Territorians urged to check citrus plants

The Department of Primary Industry and Resources is urging the public to check their citrus plants for the suspected citrus canker disease.

A number of citrus plants showing signs of infection were removed from nurseries in Darwin and Palmerston. It is thought that three citrus plants were sold from a Darwin nursery and three sold from a Palmerston nursery.

The department has strong evidence to suggest the plants are infected with citrus canker.

Early detection, reporting and not moving infected plants is vital, and will give the department the best chance of eradicating this disease. The department is asking the public to check their citrus plants for symptoms.

Citrus canker does not affect human health or animals and infected fruit is safe to be consumed.

The disease is a serious disease of citrus and was detected on a species of West Indian lime and samples collected from grapefruit, Kaffir lime and Tahitian lime are also being tested.

Citrus canker is a contagious disease caused by the bacteria Xanthomonas citri subsp. citri which can affect all citrus plants.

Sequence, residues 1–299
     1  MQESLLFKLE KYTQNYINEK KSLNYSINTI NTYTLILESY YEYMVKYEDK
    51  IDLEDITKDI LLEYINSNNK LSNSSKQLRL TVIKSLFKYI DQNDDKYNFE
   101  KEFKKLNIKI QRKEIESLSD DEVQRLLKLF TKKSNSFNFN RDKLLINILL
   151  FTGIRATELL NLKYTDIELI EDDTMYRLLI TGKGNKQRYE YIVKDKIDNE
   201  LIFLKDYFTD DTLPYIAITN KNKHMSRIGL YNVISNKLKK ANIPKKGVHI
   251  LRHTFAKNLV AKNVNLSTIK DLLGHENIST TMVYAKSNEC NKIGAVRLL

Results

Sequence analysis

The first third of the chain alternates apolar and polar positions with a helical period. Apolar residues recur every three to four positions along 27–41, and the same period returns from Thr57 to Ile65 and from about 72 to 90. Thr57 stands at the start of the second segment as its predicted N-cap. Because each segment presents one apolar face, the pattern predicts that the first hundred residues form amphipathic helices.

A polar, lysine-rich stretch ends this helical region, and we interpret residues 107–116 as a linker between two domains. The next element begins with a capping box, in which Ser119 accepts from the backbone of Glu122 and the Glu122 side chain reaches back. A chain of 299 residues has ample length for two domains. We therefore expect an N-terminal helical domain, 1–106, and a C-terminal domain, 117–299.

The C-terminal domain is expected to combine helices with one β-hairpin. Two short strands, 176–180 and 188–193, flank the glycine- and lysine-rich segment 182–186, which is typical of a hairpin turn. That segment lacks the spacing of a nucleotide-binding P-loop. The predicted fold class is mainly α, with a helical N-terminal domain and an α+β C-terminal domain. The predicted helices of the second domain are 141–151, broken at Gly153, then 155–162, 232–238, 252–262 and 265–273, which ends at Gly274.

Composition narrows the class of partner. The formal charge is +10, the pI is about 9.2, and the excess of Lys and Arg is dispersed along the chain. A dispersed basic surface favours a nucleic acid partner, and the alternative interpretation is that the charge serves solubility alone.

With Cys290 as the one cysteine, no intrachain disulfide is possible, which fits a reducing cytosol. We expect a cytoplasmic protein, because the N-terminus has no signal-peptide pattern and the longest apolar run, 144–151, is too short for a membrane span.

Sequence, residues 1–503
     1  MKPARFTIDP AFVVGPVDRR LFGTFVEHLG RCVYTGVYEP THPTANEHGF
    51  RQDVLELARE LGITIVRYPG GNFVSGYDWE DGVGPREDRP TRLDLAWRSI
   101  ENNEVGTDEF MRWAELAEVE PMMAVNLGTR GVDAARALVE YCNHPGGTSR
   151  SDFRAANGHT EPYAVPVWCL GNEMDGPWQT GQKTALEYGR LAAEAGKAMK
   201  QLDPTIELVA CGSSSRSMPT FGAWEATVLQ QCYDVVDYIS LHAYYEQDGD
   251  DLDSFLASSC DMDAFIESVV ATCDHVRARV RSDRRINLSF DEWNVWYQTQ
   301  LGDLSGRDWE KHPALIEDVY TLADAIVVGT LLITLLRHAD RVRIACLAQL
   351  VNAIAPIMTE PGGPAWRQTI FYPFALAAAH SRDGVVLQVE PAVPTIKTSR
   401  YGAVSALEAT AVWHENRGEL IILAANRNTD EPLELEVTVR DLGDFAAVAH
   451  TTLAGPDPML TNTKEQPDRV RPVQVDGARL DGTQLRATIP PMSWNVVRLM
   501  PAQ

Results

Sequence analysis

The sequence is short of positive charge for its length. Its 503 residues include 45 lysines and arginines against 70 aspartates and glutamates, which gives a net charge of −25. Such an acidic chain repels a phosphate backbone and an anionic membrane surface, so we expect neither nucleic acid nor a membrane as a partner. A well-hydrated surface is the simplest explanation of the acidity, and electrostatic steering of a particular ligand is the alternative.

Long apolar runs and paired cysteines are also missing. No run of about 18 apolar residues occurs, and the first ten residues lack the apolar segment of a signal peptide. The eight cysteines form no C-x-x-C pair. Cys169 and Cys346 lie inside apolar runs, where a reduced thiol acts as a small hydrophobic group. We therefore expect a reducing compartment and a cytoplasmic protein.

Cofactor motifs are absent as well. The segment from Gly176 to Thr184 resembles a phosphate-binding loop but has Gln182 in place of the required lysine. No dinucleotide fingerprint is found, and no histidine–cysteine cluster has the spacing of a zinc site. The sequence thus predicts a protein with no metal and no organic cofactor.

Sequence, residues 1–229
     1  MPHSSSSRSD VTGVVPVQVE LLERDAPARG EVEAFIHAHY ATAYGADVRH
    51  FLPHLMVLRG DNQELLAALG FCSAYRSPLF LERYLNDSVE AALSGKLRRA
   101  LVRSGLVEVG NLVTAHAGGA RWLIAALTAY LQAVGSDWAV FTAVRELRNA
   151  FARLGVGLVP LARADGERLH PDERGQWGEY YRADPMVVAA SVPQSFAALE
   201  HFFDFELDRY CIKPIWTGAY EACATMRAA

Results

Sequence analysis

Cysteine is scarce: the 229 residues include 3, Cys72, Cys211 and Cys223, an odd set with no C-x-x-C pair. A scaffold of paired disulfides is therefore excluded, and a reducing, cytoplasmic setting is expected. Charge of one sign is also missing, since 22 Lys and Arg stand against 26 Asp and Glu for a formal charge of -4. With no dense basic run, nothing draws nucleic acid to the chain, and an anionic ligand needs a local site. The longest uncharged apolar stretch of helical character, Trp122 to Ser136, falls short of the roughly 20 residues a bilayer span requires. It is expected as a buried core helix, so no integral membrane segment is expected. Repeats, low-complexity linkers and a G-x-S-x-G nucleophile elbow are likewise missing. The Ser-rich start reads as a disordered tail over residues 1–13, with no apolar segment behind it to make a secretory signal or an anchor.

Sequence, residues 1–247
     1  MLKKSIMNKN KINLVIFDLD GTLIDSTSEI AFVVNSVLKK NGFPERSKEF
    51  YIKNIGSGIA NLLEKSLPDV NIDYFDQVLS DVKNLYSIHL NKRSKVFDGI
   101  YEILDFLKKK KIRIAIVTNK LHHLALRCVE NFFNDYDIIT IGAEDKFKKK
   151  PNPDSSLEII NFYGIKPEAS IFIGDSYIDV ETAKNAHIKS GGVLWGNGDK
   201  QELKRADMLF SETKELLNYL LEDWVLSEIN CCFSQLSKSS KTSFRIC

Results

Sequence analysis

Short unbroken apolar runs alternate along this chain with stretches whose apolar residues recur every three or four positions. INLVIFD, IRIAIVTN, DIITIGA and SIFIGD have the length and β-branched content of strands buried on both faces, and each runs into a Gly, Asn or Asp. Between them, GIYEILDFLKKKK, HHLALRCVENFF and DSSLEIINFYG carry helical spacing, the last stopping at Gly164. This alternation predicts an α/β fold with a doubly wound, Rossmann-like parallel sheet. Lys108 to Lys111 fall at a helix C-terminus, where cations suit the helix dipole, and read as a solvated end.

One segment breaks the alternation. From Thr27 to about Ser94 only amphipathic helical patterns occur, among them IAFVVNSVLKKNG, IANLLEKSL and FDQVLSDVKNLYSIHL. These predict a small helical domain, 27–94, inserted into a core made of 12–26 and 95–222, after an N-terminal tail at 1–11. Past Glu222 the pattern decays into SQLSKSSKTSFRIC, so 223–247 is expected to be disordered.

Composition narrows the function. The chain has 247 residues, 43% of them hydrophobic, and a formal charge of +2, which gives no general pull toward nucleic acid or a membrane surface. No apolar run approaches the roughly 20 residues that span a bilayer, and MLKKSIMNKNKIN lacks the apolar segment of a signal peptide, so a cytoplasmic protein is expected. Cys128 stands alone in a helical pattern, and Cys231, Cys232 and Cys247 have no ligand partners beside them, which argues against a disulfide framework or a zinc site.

Plants that were purchased over the past 12 months are of particular concern. The symptoms of citrus canker include blister-like lesions on leaves, stems and fruit that are raised, tan to brown in colour, and are surrounded by an oily, water-soaked margin and a yellow ring or halo. Large or older lesions may have a crater-like appearance.

The department is currently asking all Territorians with citrus plants to please urgently check them for symptoms, not to move the plants and to contact the department if you think it may be infected with the disease.

If you think you have a plant with citrus canker, or if you have recently bought citrus plants from a Darwin or Palmerston retail nursery, please contact the citrus canker hotline on 1800 931 722.

You should not collect a sample or move the suspect plant. When phoning the hotline you can arrange to submit a photo for preliminary diagnosis. The photo should be a clear image of the suspect plant and the plant’s label, if you still have it.

Find out more about citrus canker.